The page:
Last week, the Cook Political Report changed its ratings for Colorado’s U.S. Senate race, moving their prediction to the left from “Toss Up” to “Lean Democratic.”
Today, another national handicapper made an even bigger change: Sabato’s Crystal Ball has adjusted its ratings for Colorado from “Leans Democratic” to “Likely Democratic.”
As Kyle Kondik and J. Miles Coleman write for Sabato’s Crystal Ball:
Last week, the Crystal Ball downgraded the prospects of Sen. Susan Collins (R-ME) — we now rate the four-term Maine senator as an underdog against her Democratic challenger, state House Speaker Sara Gideon. Aside from Collins, the only Republican senator running in a Clinton state this year is Sen. Cory Gardner (R-CO). Colorado, at least in 2016, voted a couple of points more Democratic than Maine, and Gardner hasn’t had decades to cultivate a personal brand — as Collins has — so we’ve had his race at Leans Democratic since February.
The picture for Trump is not good in the Centennial State: as of Wednesday, polling aggregates from FiveThirtyEight give Biden a clean 51%-41% advantage. As one Republican operative summed up in July, “Jesus Christ himself couldn’t overperform Trump by double digits.” Senate polling since then has born this out: while Gardner generally performs better than Trump, he often lags his Democratic challenger, former Gov. John Hickenlooper (D-CO), by high single-digits…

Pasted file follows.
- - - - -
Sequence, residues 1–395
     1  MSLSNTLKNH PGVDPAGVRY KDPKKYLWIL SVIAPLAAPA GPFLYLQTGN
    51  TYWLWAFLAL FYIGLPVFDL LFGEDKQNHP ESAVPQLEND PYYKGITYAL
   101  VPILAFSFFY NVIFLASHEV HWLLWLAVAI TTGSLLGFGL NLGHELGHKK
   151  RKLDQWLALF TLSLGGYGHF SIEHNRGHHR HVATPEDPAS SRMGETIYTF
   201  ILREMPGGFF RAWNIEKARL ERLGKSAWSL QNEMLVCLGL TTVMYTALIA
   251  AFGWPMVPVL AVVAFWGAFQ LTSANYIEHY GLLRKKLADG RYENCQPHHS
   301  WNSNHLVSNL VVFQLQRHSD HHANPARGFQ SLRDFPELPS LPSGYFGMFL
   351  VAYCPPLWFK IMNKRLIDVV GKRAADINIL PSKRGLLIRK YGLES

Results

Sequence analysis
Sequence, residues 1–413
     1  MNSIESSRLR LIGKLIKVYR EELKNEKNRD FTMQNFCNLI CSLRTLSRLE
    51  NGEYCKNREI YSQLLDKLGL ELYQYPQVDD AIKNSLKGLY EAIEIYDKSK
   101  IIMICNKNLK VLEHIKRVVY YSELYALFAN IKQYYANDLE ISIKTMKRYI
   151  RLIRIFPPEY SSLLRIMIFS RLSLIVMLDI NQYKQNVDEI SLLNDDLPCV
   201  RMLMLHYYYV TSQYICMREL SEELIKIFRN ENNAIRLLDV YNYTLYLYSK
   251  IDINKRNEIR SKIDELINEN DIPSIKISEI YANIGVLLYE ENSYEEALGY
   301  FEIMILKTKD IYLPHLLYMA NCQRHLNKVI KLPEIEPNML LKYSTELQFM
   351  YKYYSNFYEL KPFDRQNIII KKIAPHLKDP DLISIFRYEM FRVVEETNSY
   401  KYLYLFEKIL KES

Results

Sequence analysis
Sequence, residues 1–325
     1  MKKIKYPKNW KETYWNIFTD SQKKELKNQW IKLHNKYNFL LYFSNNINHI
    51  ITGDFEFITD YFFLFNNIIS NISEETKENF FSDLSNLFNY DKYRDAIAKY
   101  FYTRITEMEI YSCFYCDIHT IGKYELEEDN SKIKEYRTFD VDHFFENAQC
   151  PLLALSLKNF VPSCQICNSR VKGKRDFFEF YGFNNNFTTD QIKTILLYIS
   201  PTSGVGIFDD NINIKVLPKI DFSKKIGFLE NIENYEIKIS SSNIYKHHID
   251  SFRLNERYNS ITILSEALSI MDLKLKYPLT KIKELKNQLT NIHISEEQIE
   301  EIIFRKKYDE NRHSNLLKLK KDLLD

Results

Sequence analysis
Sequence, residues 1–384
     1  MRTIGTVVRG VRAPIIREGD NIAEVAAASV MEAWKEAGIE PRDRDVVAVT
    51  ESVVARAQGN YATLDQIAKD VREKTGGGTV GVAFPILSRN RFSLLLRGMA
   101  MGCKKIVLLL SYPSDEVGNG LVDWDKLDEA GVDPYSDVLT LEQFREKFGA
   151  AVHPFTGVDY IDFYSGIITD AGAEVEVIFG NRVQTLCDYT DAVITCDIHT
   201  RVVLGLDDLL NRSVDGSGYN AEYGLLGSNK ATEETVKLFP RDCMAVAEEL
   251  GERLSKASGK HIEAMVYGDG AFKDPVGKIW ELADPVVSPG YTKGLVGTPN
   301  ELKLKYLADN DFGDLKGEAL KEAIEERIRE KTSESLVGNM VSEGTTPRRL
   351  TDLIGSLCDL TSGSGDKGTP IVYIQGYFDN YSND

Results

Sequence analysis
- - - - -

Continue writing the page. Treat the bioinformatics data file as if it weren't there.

…Even before the court vacancy, Gardner’s opposition to the ACA seemed to be hurting his electoral standing. So the coverage of the court hearings may emphasize two issues where Republicans are out of step with the Colorado electorate. This pushes our rating to Likely Democratic and emphasizes, in our ratings, that Gardner is clearly the most vulnerable Republican senator.
Of course, this does not mean that Colorado’s Senate race is over — but it’s moving quickly in that direction. Organizations like Cook Political Report and Center for Politics are usually pretty conservative in adjusting their probabilities for individual races; they want to be able to boast in December that their predictions were largely accurate. With a low number of undecided voters in Colorado, Gardner himself seems to be acknowledging this reality.